LifePoint Health Named Recipient of 2017 John M. Eisenberg Award for Innovation in Patient Safety

March 23, 2018

LifePoint Health® (NASDAQ: LPNT), of which Watertown Regional Medical Center is a part, has been named the recipient of the 2017 John M. Eisenberg Award for Innovation in Patient Safety at the Local Level. Presented annually by The Joint Commission and the National Quality Forum (NQF), the prestigious Eisenberg Awards acknowledge major achievements in healthcare quality and patient safety.

The first investor-owned health system to earn an Eisenberg Award, LifePoint is being recognized for its National Quality Program, a structured process for ensuring consistent, high standards of quality and patient safety. Created in partnership with Duke University Health System, this program has led to significant enhancements across the LifePoint network, including a more than 60 percent improvement in aggregate patient safety. Watertown Regional Medical Center is enrolled and actively participating in this program.

“We are so proud to be part of an organization like LifePoint that is deeply committed to providing high quality care and ensuring the safety of all patients,” said Richard Keddington, chief executive officer of Watertown Regional Medical Center. “Through the National Quality Program, our team has worked closely with Duke and LifePoint quality coaches to further strengthen our culture of safety, continuously work to improve care and enhance the patient experience for those we serve.”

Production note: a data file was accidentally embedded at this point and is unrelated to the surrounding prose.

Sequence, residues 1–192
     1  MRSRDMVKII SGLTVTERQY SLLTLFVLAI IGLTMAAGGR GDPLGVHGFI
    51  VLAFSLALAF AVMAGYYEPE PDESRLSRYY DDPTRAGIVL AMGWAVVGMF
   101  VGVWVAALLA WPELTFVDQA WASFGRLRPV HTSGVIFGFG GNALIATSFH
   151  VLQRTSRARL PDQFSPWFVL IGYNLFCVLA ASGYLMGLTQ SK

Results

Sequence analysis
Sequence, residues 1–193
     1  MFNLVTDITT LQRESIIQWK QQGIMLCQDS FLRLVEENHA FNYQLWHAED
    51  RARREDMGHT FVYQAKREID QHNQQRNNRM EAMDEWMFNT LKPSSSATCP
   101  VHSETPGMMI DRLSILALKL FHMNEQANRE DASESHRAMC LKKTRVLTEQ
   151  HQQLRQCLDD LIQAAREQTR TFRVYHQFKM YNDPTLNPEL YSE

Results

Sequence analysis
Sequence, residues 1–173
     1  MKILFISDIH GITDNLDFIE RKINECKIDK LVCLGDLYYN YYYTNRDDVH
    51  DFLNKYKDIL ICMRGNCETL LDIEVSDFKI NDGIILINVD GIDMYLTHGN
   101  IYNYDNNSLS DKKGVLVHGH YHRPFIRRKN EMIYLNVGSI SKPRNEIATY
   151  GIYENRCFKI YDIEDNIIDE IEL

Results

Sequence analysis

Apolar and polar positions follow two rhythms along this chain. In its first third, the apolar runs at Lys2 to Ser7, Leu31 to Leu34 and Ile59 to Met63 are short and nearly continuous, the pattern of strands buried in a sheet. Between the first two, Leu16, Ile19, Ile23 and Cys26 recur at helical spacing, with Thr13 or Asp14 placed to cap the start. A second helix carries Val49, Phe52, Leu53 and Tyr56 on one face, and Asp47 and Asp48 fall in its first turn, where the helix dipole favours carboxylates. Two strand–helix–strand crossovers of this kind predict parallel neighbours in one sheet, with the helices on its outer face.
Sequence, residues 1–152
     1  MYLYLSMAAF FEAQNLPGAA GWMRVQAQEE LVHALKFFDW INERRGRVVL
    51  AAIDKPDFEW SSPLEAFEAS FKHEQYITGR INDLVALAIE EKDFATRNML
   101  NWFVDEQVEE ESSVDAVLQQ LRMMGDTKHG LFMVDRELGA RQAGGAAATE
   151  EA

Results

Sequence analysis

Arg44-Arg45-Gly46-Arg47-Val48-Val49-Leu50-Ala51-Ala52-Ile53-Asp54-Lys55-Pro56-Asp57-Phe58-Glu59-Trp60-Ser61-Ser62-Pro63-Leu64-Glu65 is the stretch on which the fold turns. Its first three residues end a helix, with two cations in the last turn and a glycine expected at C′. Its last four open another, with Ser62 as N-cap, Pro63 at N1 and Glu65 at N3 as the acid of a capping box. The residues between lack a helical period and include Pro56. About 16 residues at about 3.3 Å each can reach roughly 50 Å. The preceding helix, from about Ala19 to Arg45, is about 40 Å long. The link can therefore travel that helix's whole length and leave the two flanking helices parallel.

The LifePoint National Quality Program is a data-driven program implemented in LifePoint’s facilities across the nation. Rooted in patient-centeredness, the program is focused on leadership that empowers people, proven systems of performance improvement, and a culture of safety. This initiative has helped create a highly reliable culture of safety and drive enhancements across the LifePoint system, including a 62 percent improvement in aggregate patient safety compared to the company’s 2010 baseline and 12 months of zero central-line infections at 73 percent of its hospitals.  Additionally, from 2010 to 2017, hospital-acquired infections at LifePoint hospitals decreased by 78 percent for urinary tract infections, 58 percent for sepsis infections, and 73 percent for pneumonia.

“The LifePoint National Quality Program has established at the hospital and system level an ongoing, measurable approach to driving sustainable improvements in patient safety, quality and patient experience,” said Rusty Holman, MD, chief medical officer for LifePoint Health. “Because of the diverse hospitals within the LifePoint system, this program offers many lessons for how healthcare facilities of all types and sizes serving a variety of patient populations can operationalize quality, create a national learning laboratory, and engineer a sustainable culture of safety.”